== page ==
This economic instability continues to result in business failure, unemployment and loss of revenue. The counter money-laundering regime embodied in the legal, supervisory and regulatory systems of Nigeria suffers systemic problems identified21 as follows. Nigeria law fails to criminalise the laundering of illicit proceeds other than proceeds derived from narcotics trafficking. Nigerian banks are not required to report suspicious transactions; banks are exempt from making a suspicious transaction for any transaction, which they decline to conduct or which is discontinued prior to completion.
There is also no penalty under Nigerian laws for failing to comply with the suspicious transaction-reporting obligation. These deficiencies, the report further goes to state, caused Nigeria to be identified in June 2001 by the Financial Action Task Force on money laundering as "non cooperative" in the fight against money laundering. With the threat by the FATF to impose counter measures on Nigeria in 2001 if she did nothing to update her laws and take steps to check the perpetration of economic and financial crimes together with the international dimension the crime had assumed, the promulgation of a law became inevitable.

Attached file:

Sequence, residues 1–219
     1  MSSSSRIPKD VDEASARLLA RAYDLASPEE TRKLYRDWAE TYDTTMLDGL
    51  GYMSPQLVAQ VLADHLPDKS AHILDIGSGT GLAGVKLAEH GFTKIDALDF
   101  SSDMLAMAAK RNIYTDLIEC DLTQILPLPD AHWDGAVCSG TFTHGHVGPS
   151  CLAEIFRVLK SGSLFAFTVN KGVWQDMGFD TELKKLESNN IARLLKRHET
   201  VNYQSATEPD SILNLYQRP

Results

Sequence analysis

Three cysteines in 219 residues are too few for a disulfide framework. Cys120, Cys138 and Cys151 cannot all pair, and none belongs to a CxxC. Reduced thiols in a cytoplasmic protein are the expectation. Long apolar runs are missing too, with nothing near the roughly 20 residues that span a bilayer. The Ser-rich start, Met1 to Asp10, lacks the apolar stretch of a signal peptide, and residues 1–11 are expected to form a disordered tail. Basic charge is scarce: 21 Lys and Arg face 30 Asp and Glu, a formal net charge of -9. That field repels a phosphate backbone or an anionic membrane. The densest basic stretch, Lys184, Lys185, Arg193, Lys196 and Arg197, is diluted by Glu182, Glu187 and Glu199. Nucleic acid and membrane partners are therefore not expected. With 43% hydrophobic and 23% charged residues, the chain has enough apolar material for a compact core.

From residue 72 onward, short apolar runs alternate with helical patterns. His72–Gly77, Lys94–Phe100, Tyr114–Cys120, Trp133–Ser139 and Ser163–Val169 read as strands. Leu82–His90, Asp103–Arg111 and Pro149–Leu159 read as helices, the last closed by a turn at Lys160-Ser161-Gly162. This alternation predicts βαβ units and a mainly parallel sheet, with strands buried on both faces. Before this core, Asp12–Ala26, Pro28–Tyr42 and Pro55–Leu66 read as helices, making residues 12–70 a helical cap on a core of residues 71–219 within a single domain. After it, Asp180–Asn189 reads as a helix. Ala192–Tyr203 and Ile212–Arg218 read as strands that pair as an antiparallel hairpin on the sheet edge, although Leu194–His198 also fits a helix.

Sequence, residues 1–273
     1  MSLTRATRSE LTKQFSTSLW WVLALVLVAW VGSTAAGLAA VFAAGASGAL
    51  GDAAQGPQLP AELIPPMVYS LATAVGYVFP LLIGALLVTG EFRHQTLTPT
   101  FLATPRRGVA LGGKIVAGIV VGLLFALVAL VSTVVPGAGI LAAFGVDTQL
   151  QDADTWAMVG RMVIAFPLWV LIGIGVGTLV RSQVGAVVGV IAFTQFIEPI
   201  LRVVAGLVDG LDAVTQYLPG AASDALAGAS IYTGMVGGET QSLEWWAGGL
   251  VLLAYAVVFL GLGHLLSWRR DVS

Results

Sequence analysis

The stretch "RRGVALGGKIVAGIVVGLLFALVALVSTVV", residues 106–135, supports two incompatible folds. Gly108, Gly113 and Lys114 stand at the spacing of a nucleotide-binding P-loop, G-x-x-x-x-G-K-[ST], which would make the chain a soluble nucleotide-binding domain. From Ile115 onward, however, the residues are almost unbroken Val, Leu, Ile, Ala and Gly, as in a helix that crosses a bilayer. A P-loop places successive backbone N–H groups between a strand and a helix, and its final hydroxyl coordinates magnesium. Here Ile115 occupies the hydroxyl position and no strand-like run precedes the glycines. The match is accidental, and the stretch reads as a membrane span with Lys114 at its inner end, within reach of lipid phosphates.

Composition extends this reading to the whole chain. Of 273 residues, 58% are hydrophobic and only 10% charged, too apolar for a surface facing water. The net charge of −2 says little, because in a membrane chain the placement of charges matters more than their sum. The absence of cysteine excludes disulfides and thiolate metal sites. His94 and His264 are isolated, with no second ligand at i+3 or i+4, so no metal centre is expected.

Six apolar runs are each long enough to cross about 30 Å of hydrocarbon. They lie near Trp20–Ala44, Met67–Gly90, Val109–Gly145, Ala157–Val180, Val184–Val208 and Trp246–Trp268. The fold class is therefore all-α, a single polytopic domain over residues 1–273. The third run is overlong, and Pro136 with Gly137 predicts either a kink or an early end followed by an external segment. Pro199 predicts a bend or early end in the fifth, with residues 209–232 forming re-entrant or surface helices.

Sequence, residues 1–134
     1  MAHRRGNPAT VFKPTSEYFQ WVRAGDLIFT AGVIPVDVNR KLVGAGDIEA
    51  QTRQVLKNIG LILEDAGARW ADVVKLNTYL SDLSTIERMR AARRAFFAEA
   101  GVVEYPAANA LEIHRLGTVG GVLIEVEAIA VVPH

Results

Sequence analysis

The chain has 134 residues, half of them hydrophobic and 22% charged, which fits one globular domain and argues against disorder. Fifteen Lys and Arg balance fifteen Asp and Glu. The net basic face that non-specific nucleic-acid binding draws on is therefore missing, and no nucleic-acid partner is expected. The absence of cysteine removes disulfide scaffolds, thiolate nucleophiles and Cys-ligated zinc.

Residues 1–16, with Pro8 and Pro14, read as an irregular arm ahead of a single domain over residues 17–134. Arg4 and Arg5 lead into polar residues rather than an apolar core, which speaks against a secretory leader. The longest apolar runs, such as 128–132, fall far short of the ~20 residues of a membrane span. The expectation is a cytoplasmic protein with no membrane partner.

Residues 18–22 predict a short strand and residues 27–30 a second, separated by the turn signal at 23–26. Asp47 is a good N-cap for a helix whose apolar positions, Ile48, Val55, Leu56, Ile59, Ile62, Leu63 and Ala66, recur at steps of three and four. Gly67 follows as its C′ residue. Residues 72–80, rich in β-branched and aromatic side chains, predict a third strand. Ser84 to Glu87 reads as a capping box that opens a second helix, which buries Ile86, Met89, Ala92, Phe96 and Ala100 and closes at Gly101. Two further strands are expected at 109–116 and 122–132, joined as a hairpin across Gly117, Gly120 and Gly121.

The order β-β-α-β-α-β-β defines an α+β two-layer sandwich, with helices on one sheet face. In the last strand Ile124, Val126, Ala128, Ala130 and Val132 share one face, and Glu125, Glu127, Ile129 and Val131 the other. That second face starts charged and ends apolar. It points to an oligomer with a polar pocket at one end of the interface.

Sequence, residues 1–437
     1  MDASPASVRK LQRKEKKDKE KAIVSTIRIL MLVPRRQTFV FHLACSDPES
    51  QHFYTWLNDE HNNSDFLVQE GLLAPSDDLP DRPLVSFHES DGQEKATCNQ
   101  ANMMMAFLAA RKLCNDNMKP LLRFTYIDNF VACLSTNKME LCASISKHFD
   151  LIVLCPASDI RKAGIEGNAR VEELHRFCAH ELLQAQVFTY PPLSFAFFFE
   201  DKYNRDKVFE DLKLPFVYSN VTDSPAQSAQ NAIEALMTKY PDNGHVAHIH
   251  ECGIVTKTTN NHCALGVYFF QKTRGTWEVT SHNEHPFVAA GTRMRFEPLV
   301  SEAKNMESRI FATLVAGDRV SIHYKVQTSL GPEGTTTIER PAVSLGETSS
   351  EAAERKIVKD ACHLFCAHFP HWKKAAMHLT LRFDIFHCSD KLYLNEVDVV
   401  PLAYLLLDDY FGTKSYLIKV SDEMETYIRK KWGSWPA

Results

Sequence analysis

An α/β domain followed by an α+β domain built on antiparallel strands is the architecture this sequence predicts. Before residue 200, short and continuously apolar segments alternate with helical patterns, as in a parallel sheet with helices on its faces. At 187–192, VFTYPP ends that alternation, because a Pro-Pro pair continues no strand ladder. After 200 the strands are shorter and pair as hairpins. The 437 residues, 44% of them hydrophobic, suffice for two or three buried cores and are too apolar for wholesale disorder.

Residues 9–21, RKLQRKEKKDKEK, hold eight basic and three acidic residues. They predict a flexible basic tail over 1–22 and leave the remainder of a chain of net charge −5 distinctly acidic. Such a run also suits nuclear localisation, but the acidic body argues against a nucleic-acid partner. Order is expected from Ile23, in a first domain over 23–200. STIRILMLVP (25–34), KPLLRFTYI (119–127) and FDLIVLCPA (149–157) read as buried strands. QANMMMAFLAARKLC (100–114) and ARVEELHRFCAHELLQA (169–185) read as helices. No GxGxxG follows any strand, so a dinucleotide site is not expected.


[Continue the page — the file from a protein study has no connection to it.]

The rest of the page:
Though the report recognised the fact that Nigeria had begun to cooperate with the FATF's directives and had pledged to take measures to address its criminal problems by bringing the Nigerian anti money laundering regime into compliance with international standards, it nonetheless stated that "Nigeria's legal, supervisory and regulatory systems create significant opportunities and tools for money laundering and increase the possibility that transactions involving Nigerian entities an accounts will be used for illegal purposes.